Monday, October 6, 2014

Office 365 RDS world changes again

In the long running story that is Office via Office 365 on a Remote Desktop Server (RDS) things have once again changed from October 1, 2014.

If you have not reviewed my last post on this topic then you will find it here:

http://blog.ciaops.com/2014/09/installing-office-365-pro-plus-on-rds.html

in essence what that blog post said was that from September 1 2014 ANY Office 365 plan that included Office Pro Plus was licensed for RDS no matter where it was obtained for. It also detailed how you could now install directly on RDS from the click to run install using the Office Deployment kit.

However, 1 October 2014 brought new SMB plans and the retirement of M and P plans so things have changed again and here’s the summary to bring you up to date.

1. If you have purchased E (Enterprise plans) that include Office Pro Plus via any means you remain licensed to use these on RDS.

2. If you have an existing M or P plan that include Office Pro Plus you remain licensed to use these on RDS UNTIL either October 1 2015 or whenever you elect to upgrade these plans to the new SMB offerings.

3. If you purchase the new SMB Plans after October 1 2014 or migrate to these plans from any existing plan you are NOT licensed to use these for RDS. This is because the version of Office via the SMB plans is no longer Office Pro Plus (i.e it doesn’t includes things like Access any more for example).

The positive with the new SMB plans however is that you can now mix and match with E SKUs. That means that if you do need RDS capability to can purchase and add onto your existing SMB plan an E SKU that includes Office Pro Plus (say the Enterprise stand alone version of Office Pro Plus).

This may mean you have users that are licensed twice for Office, once with their SMB plans and once via the Enterprise SKU that permits RDS capability.

Now the question is if you have say 10 users but only 5 at any time require RDS capability how many additional E SKUs that allow RDS rights for Office would you need to purchase? The answer is that if all 10 need RDS access at any point in time you would need 10 addition Office Pro Plus E SKUs because each license in Office 365 is assigned to an individual user. Thus, for all users to have the rights for RDS they would each need an E Office Pro Plus license assigned to them.

I had this confirmed by Jeremy Chapman from Microsoft where he told me:

Each user accessing the Office 365 ProPlus install via Shared Computer Activation on the RDS box would need an Office 365 ProPlus license. The users unable to sign in would only get viewing rights with a red info bar stating that Office is not activated.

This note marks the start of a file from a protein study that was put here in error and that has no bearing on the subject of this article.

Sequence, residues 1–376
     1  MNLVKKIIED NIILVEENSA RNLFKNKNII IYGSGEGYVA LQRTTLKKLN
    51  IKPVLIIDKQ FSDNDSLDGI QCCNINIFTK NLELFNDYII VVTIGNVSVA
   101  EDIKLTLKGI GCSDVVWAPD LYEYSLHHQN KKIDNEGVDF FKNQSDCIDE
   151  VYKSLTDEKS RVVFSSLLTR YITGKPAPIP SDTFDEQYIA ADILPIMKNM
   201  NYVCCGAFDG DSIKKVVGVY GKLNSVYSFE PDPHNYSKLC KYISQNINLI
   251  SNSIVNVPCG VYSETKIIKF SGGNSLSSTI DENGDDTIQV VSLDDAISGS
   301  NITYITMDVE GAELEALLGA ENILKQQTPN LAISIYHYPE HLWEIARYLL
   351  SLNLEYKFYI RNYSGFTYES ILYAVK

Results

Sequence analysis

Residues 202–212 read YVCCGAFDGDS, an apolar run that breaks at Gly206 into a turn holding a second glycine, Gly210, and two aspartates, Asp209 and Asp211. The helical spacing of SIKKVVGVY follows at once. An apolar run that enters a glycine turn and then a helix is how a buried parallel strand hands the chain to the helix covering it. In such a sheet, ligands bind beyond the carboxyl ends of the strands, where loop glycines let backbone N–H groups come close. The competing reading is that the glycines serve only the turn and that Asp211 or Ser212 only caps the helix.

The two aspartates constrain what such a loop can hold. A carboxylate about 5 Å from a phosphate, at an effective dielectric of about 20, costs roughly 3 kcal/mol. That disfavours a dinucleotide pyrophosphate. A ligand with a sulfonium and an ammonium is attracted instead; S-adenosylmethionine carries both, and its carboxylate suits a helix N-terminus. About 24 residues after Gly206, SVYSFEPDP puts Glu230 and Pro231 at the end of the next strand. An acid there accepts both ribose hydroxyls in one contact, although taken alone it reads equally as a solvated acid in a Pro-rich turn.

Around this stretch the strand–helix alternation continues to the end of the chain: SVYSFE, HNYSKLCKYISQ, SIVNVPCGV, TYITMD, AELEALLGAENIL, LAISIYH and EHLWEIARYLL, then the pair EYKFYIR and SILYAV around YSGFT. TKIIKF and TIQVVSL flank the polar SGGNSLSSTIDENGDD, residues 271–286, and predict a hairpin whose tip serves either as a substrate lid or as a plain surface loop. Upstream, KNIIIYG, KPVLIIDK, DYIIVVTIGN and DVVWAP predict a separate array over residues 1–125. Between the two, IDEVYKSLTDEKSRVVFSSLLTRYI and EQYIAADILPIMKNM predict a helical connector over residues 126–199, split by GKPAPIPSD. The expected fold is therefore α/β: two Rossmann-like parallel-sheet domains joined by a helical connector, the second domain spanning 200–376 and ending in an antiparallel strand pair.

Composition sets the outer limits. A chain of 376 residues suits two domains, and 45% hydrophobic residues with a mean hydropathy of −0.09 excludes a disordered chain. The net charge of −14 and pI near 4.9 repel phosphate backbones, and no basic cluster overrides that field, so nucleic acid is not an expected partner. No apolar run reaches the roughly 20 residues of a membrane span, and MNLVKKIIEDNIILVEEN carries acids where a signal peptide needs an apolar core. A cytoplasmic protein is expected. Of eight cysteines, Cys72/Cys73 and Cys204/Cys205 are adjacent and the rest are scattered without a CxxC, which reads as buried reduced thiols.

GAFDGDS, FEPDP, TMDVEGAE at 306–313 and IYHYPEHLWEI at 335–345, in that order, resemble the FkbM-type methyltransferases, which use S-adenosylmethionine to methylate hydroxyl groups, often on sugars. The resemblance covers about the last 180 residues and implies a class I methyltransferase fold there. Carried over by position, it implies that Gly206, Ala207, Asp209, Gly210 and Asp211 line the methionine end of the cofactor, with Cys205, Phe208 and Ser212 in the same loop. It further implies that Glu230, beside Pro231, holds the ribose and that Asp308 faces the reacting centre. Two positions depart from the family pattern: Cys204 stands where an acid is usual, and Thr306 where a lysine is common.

So in summary:

1. The new Office 365 SMB plans are not licensed for RDS

2. While you remain on an older P or M plan you are licensed for RDS no matter where you purchased that license from.

3. You can now mix and match new SMB plans with E plans so you can add a qualifying E SKU that allows RDS to an existing SMB plan if required, however every user that requires RDS needs a suitable E SKU.

It is therefore very important to understand the restrictions of the new SMB plans when it comes to things like RDS. It is likewise very important to match the clients needs to the right Office 365 plan. As I have always recommended, you should always consider the E plans above and beyond the SMB plans because of their flexibility. I understand that SMB plans have a pricing incentive but given their limitations and lack of features I still firmly believe the E plans represent much better value for any business, especially those with an RDS environment.

A rule of thumb that I would suggest you adopt is that if you need/want to use your own server in conjunction with Office 365 (whether on premise or hosted) then you should only consider E plans.

This to me makes things much clearer around Office 365 and RDS as well providing the flexibility if RDS is required. I am sure there will be folks out there who may not appreciate this but to me things are much clearer on this story than they used to be.